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Feijão, T., Afonso, O., Maia, A.F., Sunkel, C.E. (2013). Stability of kinetochore-microtubule attachment and the role of different KMN network components in Drosophila.  Cytoskeleton (Hoboken) 70(10): 661--675.
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Kinetochores bind spindle microtubules and also act as signaling centers that monitor this interaction. Defects in kinetochore assembly lead to chromosome missegregation and aneuploidy. The interaction between microtubules and chromosomes involves a conserved super-complex of proteins, known as the KNL1Mis12Ndc80 (KMN) network, composed by the KNL1 (Spc105), Mis12, and Ndc80 complexes. Previous studies indicate that all components of the network are required for kinetochore-microtubule attachment and all play relevant functions in chromosome congression, biorientation, and segregation. Here, we report a comparative study addressing the role of the different KMN components using dsRNA and in vivo fluorescence microscopy in Drosophila S2 cells allowing us to suggest that different KMN network components might perform different roles in chromosome segregation and the mitotic checkpoint signaling. Depletion of different components results in mostly lateral kinetochore-microtubule attachments that are relatively stable on depletion of Mis12 or Ndc80 but very unstable after Spc105 depletion. In vivo analysis on depletion of Mis12, Ndc80, and to some extent Spc105, shows that lateral kinetochore-microtubule interactions are still functional allowing poleward kinetochore movement. We also find that different KMN network components affect differently the localization of spindle assembly checkpoint (SAC) proteins at kinetochores. Depletion of Ndc80 and Spc105 abolishes the mitotic checkpoint, whereas depletion of Mis12 causes a delay in mitotic progression. Taken together, our results suggest that Mis12 and Ndc80 complexes help to properly orient microtubule attachment, whereas Spc105 plays a predominant role in the kinetochore-microtubule attachment as well as in the poleward movement of chromosomes, SAC response, and cell viability.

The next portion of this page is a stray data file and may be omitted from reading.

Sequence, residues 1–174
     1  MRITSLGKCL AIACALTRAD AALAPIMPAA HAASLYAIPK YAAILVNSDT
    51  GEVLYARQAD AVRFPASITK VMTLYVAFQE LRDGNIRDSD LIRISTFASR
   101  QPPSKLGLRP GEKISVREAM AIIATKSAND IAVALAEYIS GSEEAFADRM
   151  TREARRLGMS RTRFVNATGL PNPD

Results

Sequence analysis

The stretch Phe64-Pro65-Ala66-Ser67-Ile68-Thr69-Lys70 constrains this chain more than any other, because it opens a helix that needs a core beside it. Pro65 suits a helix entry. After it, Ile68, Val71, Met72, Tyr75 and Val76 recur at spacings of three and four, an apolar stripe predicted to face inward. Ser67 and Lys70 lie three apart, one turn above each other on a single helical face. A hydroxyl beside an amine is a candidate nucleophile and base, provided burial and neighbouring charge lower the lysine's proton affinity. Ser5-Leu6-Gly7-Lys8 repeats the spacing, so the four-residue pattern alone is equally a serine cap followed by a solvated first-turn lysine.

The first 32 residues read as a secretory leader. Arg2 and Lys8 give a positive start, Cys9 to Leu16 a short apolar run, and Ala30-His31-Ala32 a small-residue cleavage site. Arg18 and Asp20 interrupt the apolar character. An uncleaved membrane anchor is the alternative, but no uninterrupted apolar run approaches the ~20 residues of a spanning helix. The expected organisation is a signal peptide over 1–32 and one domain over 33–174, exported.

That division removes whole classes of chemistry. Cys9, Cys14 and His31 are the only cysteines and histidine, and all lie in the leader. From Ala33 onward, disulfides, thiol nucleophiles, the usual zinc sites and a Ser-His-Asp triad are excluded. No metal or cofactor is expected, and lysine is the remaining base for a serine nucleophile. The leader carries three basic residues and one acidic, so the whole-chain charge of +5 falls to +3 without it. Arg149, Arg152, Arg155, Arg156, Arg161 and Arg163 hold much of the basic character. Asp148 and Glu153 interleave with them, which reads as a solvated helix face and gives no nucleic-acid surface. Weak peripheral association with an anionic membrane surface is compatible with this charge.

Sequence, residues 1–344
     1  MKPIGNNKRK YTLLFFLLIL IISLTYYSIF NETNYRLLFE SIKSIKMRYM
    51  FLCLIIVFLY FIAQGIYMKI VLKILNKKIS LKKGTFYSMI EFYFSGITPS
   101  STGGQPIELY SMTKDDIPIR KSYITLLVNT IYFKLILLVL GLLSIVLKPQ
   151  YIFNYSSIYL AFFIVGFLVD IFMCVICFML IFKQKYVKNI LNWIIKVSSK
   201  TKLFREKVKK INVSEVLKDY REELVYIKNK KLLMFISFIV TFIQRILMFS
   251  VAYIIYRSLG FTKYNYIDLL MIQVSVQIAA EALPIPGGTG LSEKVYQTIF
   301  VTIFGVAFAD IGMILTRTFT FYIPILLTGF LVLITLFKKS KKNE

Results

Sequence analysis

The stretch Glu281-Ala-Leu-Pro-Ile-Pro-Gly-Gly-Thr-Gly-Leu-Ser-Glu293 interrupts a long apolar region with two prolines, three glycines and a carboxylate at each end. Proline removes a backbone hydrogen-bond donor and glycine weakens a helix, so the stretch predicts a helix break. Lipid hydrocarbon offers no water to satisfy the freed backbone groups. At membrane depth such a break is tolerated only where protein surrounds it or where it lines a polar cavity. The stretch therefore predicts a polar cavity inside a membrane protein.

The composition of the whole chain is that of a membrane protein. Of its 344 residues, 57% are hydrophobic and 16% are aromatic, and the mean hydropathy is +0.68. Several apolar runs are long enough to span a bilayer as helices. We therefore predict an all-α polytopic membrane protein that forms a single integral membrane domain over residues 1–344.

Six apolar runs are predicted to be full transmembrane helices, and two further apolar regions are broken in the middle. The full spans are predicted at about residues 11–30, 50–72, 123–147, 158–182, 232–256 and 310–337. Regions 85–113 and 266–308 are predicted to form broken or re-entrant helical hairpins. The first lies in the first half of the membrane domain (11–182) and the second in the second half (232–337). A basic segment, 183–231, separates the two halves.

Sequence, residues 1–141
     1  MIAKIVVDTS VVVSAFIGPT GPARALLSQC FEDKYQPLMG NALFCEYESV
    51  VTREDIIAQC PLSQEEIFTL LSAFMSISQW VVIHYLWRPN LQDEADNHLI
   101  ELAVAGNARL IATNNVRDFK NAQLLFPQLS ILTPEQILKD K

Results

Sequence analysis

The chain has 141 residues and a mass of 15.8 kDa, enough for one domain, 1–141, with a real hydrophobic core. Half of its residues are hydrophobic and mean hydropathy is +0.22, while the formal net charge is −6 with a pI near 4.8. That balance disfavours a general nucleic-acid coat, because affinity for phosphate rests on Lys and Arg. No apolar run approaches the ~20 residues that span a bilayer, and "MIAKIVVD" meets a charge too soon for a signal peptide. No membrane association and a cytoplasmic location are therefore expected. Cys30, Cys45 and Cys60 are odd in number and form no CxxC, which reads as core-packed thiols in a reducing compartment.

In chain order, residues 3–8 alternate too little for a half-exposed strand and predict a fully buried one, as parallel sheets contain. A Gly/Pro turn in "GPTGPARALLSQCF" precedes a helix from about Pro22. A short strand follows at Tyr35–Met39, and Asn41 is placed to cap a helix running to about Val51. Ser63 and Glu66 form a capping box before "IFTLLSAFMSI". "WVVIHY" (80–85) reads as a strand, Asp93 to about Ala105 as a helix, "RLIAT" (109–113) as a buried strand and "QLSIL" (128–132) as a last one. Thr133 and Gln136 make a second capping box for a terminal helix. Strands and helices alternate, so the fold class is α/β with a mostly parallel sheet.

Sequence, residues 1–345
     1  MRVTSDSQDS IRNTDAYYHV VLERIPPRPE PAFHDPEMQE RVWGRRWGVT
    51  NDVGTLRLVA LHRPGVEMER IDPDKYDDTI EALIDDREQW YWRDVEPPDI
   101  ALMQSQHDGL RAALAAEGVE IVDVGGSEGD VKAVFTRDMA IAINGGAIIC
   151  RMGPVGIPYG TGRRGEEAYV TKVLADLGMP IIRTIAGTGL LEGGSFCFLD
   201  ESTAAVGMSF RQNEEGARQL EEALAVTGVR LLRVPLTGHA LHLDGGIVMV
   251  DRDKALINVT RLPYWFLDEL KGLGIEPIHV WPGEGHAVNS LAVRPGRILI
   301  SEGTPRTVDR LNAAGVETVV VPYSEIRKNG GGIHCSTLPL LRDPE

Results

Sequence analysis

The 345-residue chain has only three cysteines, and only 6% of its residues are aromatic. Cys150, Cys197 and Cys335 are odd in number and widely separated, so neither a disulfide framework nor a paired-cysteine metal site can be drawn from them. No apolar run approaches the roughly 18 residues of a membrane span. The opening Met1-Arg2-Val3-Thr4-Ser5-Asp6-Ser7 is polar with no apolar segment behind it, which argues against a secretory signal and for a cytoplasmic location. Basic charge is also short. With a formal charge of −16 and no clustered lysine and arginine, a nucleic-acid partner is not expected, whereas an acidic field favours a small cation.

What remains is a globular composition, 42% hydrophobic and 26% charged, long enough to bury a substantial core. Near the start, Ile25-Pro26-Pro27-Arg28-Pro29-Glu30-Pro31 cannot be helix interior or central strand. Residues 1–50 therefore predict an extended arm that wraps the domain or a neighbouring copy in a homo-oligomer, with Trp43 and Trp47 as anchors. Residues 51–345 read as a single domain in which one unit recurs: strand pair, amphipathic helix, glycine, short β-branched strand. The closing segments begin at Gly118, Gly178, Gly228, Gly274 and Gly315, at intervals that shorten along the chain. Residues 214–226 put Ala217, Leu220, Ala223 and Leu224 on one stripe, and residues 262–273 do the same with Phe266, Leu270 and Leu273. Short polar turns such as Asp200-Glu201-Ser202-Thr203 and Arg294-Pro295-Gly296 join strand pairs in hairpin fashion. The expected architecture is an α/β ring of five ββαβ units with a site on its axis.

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    Cytoskeleton (Hoboken)
    Cytoskeleton (Hoboken)
    1949-3584 1949-3592
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    Genes (10)